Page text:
A compelling report1 in the journal Gastroenterology offers a radically novel yet logically sound explanation as to why some COVID-19 patients develop life-threatening organ failure. According to the authors, data indicate that COVID-19 mortality rates are heavily influenced by the amount of unsaturated fats you eat.
Simply put, unsaturated fat intake is associated with increased mortality from the infection. On the bright side, they believe early treatment with inexpensive calcium and egg albumin will reduce rates of organ failure and ICU admissions.
While no clinical studies have been done yet on this type of therapy, the authors believe it’s time to do one, as it appears early albumin and calcium supplementation can bind unsaturated fats and reduce injury to vital organs. They also point out that saturated fats are protective.
The Most Dangerous Fat of All
I’m currently writing a book on what I believe might be the primary disease-maker in the Western diet, namely omega-6 linoleic acid (LA). And, since diet-related comorbidities are responsible for 94% of all COVID-19-related deaths,2 taking control of your diet is a simple, common-sense strategy to lower the risks associated with this infection.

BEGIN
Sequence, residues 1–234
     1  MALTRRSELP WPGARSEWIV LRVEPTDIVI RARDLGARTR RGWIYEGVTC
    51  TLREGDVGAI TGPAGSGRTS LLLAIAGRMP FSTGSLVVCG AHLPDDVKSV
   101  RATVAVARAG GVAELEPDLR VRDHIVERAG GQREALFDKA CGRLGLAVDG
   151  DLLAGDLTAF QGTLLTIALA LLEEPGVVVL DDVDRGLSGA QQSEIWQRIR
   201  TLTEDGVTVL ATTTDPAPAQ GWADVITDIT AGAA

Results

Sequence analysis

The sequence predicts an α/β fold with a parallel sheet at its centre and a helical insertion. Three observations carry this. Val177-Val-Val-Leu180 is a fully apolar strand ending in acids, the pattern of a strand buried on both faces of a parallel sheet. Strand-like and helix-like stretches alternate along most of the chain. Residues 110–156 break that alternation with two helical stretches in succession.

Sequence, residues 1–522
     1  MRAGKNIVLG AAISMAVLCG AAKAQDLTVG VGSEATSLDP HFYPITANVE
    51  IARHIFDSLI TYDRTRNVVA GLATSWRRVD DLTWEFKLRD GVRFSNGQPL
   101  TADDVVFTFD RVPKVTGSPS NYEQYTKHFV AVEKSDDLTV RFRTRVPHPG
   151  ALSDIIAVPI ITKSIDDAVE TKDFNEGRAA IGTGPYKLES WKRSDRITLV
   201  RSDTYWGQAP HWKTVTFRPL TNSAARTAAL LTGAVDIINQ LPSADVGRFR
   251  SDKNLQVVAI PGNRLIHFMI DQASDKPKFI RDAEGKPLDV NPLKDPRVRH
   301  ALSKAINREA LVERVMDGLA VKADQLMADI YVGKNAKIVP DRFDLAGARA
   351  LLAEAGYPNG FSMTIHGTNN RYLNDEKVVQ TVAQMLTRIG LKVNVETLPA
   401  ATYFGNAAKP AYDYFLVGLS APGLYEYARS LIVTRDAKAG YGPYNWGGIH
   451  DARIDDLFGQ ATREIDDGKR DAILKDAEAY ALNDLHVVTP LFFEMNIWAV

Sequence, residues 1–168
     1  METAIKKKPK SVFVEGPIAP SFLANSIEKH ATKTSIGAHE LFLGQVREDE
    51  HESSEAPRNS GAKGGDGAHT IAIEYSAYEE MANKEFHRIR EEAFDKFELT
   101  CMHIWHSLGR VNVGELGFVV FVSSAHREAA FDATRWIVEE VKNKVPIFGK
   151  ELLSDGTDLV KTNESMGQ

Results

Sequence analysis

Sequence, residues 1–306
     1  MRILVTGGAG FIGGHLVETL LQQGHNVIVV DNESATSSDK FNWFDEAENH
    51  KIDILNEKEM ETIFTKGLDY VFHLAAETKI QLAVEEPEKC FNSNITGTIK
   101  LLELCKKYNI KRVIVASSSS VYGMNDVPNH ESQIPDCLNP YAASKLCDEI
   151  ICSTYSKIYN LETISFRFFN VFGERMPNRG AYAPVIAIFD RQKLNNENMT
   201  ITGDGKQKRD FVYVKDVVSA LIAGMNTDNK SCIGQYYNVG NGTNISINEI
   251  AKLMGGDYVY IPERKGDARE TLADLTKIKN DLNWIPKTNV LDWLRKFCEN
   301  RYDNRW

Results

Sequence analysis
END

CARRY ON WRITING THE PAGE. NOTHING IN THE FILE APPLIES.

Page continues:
LA makes up the bulk — about 90% — of the omega-6 consumed and is the primary contributor to nearly all chronic diseases. While an essential fat, when consumed in excessive amounts, LA acts as a metabolic poison.
The reason for this is because polyunsaturated fats such as LA are highly susceptible to oxidation. As the fat oxidizes, it breaks down into harmful sub-components such as advanced lipid oxidation end products (ALES) and OXLAMS (oxidized LA metabolites). These ALES and OXLAMS are actually what cause the damage.
One type of advanced lipid oxidation end product (ALE) is 4HNE, a mutagen known to cause DNA damage. Studies have shown there’s a definite correlation between elevated levels of 4HNE and heart failure.
LA breaks down into 4HNE even faster when the oil is heated, which is why cardiologists recommend avoiding fried foods. LA intake and the subsequent ALES and OXLAMS produced also play a significant role in cancer. HNE and other ALES are extraordinarily harmful even in exceedingly small quantities.
While excess sugar is certainly bad for your health and should typically be limited to 25 grams per day or less, it doesn’t cause a fraction of the oxidative damage that LA does.
Processed vegetable oils are a primary source of LA, but even food sources hailed for their health benefits contain it, and can be a problem if consumed in excess. Cases in point: olive oil and conventionally raised chicken, which are fed LA-rich grains. To learn more about this hidden source of LA, see “Why Chicken Is Killing You and Saturated Fat Is Your Friend.”